One of the few good things that COVID-19 did for consumers is that we held off on our credit card spending. However, when we came out of the pandemic, we lost our minds and accumulated so much debt that balances on credit cards and other revolving credit products are now over the $1 trillion mark.
When consumers get into credit trouble, they tend to either hunker down and start chipping away at the issue piece by piece or hand all their woes over to a credit repair company that can do all the legwork and get things back to normal.
The Consumer Financial Protection Bureau (CFPB) says that when a consumer goes the credit repair route, they have the rights they need to be aware of.
The biggest one being is that you have the right to see results before you pay. The CFPB cautions consumers to resist any “promises” that a credit repair service makes, no matter how trapped you may feel.
The agency says that the people working to improve their credit situations can feel trapped. Some companies use this stressful situation to take advantage of consumers by selling a promise of credit repair services. However, these services often charge fees without delivering on their promises.
“Under federal law, when a company uses telemarketing to sell credit repair services, they have to meet certain requirements before they can charge for their services,” is how the CFPB lays out the rules.
“First, the company must achieve the results it promised you within the time frame they stated. Second, the company must give you a consumer report showing the results, and the report must be generated more than six months after the results were claimed to have been achieved. Only then can the company charge you fees or accept your payment.”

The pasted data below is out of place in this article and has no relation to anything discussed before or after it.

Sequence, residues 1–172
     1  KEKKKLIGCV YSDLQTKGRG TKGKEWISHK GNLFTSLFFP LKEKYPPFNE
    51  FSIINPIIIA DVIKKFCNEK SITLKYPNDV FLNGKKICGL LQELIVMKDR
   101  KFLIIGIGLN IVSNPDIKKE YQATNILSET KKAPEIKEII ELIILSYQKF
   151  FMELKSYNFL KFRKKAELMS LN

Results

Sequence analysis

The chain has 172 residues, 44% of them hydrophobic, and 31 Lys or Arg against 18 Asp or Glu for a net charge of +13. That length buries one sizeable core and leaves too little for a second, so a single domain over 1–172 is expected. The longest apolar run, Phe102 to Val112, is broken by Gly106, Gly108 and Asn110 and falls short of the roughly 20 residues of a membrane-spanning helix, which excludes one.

Credit repair isn’t always necessary
ConsumerAffairs Senior Finance Writer Ashley Eneriz says that while many credit repair companies offer free credit counseling, most recommend enrolling in a paid debt management program to improve your credit and finances.
“These programs can be helpful, but they can also take 12 to 36 months to complete, which adds up quickly when you are paying a monthly fee,” she said.
“The biggest thing to consider is if the cost of credit repair is worth the benefits. For many individuals, you can repair your credit yourself by paying more towards your revolving credit debts such as your credit cards.
"Establishing a history of on-time payments and tackling your debt are the number one way to improve your credit score, but it is not an overnight fix. For some, it might take over a year to see significant improvement.”
ConsumerAffairs has resources to help you get out of debt here.
The CFPB agrees with Eneriz and suggests that before you sign up with a credit repair service, you should order a credit report (they’re free) and, if you see mistakes, dispute them (again, free).
To obtain your free credit report from the three nationwide credit reporting companies, visit annualcreditreport.com. The credit reports you receive each week are free and available online. Then, if you see anything that’s not completely wrong or just not “quite” right, use the CFPB’s sample letters and answers to common questions to help with resolving problems. Or just watch this video.
“Errors can be investigated and resolved, but credit repair companies cannot legally get information removed if it is accurate and timely,” the agency was careful to add, so you need to know that in advance if you go to a credit repair company asking for help.